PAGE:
Climate change adaptation
Climate change adaptation means taking action to make sure that we can cope with the weather in the future.
The companies we regulate already deal with weather risks as a fundamental part of their business, and we already face risks to supply from droughts and floods. However, in a changing climate our existing systems and practices may not be adequate.
To adapt, the sectors must consider all of the risks of climate change over the coming decades and take action to deal with those which are significant. Actions will range from increasing the resilience of water supply networks, to understanding and planning for any incremental impacts on performance a changing climate may bring. We expect the companies to adapt in a phased, responsible and appropriate manner. This means that their adaptation plans must be based on sound science and evidence.
As the economic regulator, our role is to establish and operate a regulatory framework which encourages companies to adapt to the risks of climate change in an effective, efficient and equitable way. It is also important that we continue to hold companies to account if they fail to meet their obligations in the future.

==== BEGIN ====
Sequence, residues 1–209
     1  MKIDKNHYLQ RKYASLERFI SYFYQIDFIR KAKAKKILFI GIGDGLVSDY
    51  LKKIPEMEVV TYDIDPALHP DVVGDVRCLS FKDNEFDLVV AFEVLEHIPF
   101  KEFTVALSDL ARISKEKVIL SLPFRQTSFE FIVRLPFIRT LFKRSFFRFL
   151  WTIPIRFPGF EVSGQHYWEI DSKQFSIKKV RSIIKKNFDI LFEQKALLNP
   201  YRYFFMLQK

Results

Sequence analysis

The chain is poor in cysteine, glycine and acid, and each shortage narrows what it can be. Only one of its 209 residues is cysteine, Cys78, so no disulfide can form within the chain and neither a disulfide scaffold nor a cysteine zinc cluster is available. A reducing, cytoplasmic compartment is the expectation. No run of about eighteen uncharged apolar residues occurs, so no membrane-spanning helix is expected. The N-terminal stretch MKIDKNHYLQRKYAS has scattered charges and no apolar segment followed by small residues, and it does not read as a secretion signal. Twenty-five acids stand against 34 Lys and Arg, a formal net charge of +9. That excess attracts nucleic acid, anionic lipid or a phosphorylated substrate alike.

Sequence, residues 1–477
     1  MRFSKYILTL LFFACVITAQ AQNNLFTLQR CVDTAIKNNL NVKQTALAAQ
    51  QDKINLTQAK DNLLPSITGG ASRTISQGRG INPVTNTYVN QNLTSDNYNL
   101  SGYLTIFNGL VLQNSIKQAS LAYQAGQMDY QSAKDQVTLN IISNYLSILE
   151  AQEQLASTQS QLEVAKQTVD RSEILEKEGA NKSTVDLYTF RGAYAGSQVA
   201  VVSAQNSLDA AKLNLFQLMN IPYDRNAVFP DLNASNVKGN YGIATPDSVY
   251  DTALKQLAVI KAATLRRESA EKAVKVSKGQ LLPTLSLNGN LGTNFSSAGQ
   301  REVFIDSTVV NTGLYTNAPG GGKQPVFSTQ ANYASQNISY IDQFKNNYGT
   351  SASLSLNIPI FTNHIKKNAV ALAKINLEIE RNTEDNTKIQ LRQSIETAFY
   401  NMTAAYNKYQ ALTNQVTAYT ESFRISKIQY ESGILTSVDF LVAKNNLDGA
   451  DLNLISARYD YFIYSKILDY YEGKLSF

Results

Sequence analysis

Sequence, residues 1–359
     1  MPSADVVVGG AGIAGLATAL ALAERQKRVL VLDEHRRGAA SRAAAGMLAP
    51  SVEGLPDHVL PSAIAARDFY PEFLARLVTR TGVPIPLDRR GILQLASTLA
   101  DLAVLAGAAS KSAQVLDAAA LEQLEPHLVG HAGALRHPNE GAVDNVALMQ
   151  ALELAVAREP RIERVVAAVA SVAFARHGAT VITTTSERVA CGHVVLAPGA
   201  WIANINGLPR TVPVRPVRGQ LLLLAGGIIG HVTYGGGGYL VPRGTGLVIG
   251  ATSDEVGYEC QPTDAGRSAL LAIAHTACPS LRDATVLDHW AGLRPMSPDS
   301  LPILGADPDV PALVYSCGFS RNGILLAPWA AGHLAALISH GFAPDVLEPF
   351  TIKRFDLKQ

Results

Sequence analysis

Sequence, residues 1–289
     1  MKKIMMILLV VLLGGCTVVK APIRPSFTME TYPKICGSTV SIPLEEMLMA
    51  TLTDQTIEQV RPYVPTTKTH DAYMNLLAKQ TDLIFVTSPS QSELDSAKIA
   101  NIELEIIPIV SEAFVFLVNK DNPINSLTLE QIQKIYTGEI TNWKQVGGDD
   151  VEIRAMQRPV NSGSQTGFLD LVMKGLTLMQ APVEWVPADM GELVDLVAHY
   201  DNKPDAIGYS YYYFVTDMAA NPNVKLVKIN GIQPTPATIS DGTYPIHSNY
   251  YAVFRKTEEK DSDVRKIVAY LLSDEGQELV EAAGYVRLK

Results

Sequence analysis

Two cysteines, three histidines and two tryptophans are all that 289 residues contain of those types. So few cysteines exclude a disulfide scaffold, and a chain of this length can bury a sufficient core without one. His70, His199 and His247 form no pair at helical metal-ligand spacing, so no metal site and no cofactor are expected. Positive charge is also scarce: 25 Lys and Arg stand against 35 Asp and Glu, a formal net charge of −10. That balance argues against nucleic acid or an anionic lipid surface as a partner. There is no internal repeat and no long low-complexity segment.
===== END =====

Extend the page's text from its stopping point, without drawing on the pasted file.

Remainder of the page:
We saw some good examples of adaptation in our last price review. In our 2009 price limits we included £414 million for network and asset resilience schemes and more than 100 catchment management and investigation schemes. By 2016, 9.6 million people will benefit from increased service resilience to external hazards.
Find out more about best practice in adapting to climate change.